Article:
When you have problems, you are again in DOS age. Macs forces you on command screens, to write cryptic unix commands that never work.
    Reply
  • Shadowmaster625 - Friday, October 15, 2010 - link

    Leave it to anandtech to try and justify paying $1500 for a $800 notebook. Reply
  • Sufo - Friday, October 15, 2010 - link

    now, are you saying that just because you disagree with some of the conclusions or because you feel anandtech frequently oversells hardware?

    If the latter, then i'm somewhat suprised - i find anandtech to be one of the most comprehensive and objective reviewsites i've come across (if not the most). If there is some other source that you feel is even more objective and trustworthy, please throw a link this way because i'm actually in need of a few more sites to browse at work.
    Reply
  • fujii13 - Friday, October 15, 2010 - link

    Anyone point out the fact that the audio drivers only allow for 50% volume compared to OS X, and that not all the speakers are powered in Boot Camp? Reply
  • mrsmegz - Friday, October 15, 2010 - link

    read about 5 comments up, I mentioned the Speaker problem, I was hoping they would address if this was still a problem w/ the crappy bootcamp drivers. Its one of the main reasons I got rid of the macbook. I listen to a lot of music, and wanted to use foobar in windows, but forget it w/ bootcamp. Reply
  • TEAMSWITCHER - Friday, October 15, 2010 - link

    I get the impression from reading this article that the reviewer is feeling conflicted. Apple has obviously created an awesome small laptop that oozes quality and design, but the Core 2 processor makes it impossible to give the machine an overall favorable review.

    I would second this notion, and that's why I bought the 15" model. Hopefully next week, the 13" MacBook Pro will get some core i3/i5 love and discreet graphics.

    Then there will be nothing to prevent the looming Macpocalypse.
    Reply
  • Dustin Sklavos - Friday, October 15, 2010 - link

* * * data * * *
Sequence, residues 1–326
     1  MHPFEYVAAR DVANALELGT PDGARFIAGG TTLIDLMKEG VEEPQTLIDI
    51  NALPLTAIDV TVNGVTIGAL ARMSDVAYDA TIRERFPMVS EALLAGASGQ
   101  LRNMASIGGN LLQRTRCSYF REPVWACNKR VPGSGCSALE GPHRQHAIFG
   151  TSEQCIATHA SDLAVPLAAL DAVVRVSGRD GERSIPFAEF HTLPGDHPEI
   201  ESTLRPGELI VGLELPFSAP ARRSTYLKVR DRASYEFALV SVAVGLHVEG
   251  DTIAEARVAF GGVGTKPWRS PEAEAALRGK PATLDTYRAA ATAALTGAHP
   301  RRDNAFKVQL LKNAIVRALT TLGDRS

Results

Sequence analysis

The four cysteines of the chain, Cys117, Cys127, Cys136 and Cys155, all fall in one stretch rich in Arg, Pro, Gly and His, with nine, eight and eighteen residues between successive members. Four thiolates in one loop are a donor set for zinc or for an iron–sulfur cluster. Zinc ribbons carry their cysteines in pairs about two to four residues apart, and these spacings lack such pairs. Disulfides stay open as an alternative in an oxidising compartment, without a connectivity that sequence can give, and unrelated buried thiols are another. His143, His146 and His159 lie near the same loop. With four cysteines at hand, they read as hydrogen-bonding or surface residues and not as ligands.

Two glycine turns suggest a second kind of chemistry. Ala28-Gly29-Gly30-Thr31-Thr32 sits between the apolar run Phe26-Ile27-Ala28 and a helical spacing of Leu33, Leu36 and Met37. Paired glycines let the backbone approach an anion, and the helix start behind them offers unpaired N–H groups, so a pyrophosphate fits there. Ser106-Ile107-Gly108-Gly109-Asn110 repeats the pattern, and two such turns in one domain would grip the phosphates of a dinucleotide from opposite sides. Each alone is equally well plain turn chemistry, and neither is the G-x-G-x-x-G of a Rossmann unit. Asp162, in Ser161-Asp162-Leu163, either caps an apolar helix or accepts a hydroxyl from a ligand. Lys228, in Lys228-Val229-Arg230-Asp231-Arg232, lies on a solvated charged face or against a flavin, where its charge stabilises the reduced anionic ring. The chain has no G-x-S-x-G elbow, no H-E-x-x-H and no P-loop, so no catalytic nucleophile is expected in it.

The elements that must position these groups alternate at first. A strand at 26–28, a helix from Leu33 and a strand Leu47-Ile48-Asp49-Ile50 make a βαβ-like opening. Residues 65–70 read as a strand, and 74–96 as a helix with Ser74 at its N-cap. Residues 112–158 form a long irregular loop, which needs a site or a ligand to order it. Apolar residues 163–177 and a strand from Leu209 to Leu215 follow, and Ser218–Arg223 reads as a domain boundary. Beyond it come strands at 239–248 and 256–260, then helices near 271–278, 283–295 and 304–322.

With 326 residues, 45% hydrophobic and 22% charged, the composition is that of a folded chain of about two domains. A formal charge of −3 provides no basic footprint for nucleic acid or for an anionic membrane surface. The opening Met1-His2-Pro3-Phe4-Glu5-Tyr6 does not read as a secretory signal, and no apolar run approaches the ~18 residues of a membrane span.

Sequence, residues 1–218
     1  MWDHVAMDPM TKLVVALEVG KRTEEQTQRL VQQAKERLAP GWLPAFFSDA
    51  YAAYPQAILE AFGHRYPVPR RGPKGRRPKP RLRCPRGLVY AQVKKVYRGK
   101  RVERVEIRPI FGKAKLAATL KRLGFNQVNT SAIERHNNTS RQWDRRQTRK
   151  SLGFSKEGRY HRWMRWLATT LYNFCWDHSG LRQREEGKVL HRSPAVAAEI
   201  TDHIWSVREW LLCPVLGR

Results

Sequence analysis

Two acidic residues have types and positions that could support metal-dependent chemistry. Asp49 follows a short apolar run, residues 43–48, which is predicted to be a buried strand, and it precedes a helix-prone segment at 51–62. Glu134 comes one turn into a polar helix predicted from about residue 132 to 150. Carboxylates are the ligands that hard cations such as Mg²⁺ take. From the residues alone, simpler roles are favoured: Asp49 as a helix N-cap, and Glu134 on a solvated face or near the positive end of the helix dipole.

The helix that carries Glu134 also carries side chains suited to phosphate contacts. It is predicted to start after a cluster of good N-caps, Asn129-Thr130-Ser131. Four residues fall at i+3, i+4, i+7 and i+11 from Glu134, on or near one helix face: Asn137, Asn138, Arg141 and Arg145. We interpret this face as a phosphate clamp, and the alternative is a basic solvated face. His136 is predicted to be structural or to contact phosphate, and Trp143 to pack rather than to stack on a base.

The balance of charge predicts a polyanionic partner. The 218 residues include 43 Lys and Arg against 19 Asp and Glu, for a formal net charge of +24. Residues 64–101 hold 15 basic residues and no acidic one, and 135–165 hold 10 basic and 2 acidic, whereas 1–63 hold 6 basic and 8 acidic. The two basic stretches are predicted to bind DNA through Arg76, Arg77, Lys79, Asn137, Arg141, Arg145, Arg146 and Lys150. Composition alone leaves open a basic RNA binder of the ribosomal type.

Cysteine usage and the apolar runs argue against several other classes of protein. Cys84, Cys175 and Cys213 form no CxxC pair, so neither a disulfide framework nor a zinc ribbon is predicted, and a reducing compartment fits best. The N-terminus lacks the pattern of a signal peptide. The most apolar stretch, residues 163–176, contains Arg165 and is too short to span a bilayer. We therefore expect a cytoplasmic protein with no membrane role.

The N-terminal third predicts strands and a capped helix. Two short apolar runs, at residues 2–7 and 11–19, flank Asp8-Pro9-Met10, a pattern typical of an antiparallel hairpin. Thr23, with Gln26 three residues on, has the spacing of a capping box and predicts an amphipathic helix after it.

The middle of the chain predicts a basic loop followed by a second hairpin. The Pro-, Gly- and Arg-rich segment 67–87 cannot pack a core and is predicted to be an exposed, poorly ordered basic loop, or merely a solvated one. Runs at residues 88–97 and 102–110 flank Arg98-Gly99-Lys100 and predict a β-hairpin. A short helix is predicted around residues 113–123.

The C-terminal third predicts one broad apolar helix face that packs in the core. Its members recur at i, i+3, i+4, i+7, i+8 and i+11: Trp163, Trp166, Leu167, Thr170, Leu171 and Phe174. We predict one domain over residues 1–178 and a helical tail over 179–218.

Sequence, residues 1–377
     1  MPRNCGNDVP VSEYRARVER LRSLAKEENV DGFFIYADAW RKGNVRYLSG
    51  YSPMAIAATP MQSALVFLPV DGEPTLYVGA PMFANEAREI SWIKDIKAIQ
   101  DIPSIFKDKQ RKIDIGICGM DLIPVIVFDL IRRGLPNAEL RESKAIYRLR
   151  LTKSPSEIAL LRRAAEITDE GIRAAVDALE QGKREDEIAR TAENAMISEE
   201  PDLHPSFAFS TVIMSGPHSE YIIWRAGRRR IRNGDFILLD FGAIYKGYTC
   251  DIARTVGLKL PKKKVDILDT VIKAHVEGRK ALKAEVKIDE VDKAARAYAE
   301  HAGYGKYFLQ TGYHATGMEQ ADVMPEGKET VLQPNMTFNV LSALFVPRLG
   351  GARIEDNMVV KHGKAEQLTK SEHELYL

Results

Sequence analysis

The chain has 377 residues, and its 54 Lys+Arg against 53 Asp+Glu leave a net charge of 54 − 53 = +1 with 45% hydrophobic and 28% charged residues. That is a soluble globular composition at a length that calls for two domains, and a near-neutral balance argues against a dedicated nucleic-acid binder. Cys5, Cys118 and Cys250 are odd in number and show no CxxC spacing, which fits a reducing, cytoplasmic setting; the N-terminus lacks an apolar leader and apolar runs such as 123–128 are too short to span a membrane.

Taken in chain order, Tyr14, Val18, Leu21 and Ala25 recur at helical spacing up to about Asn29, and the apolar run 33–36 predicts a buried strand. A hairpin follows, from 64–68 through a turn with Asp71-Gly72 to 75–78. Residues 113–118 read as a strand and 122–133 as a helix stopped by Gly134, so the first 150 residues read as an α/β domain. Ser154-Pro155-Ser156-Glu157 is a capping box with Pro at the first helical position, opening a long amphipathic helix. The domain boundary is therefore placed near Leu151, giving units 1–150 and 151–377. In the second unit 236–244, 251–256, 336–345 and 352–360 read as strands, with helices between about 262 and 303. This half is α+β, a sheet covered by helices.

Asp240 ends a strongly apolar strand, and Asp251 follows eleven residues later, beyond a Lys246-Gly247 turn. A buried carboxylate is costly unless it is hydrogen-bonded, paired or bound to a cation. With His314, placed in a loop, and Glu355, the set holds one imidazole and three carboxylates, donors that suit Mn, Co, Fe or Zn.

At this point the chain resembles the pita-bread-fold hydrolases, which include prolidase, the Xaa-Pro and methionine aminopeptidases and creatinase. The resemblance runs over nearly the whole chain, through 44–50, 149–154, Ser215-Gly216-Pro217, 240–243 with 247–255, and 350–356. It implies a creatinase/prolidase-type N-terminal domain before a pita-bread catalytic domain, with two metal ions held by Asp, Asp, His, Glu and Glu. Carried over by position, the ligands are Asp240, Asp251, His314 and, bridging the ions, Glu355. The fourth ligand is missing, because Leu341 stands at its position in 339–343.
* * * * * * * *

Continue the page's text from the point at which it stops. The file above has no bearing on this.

Yes, absolutely nothing...

    Except distasteful corporate arrogance and customer-gouging prices. People should vote with their wallets, which is why I'm always disappointed to see Apple products on the street.

    Any company that would actually put "We care about our customers" as a major bulletpoint in a presentation cannot and should not be trusted.
    Reply
  • TEAMSWITCHER - Saturday, October 16, 2010 - link

    Where do you get this Corporate Arrogance thing? I just don't see it! When I look at Apple I see a company that is trying to produce something that is unique and better than the average. Sure they talk the BIG talk about their products, but they are supposed to, they want to sell them, that's Marketing 1.0. Would you buy a computer from a company that thought their products were complete crap?

    Every Apple product has at least a few worthy qualities. The author of this article clearly gets that. I can't say the same thing for many of the PC products I have used over the years.
    Reply
  • JarredWalton - Saturday, October 16, 2010 - link

    iPhone 4, Steve Jobs: "You're holding it wrong!"

    There have been numerous cases of Jobs blaming the users for problems with the product, and the elitist mentality of Jobs often extends to the users. That's not to say Apple can't make good product, but that there are plenty who refuse to buy an Apply product just because of the "culture" that goes with it.
    Reply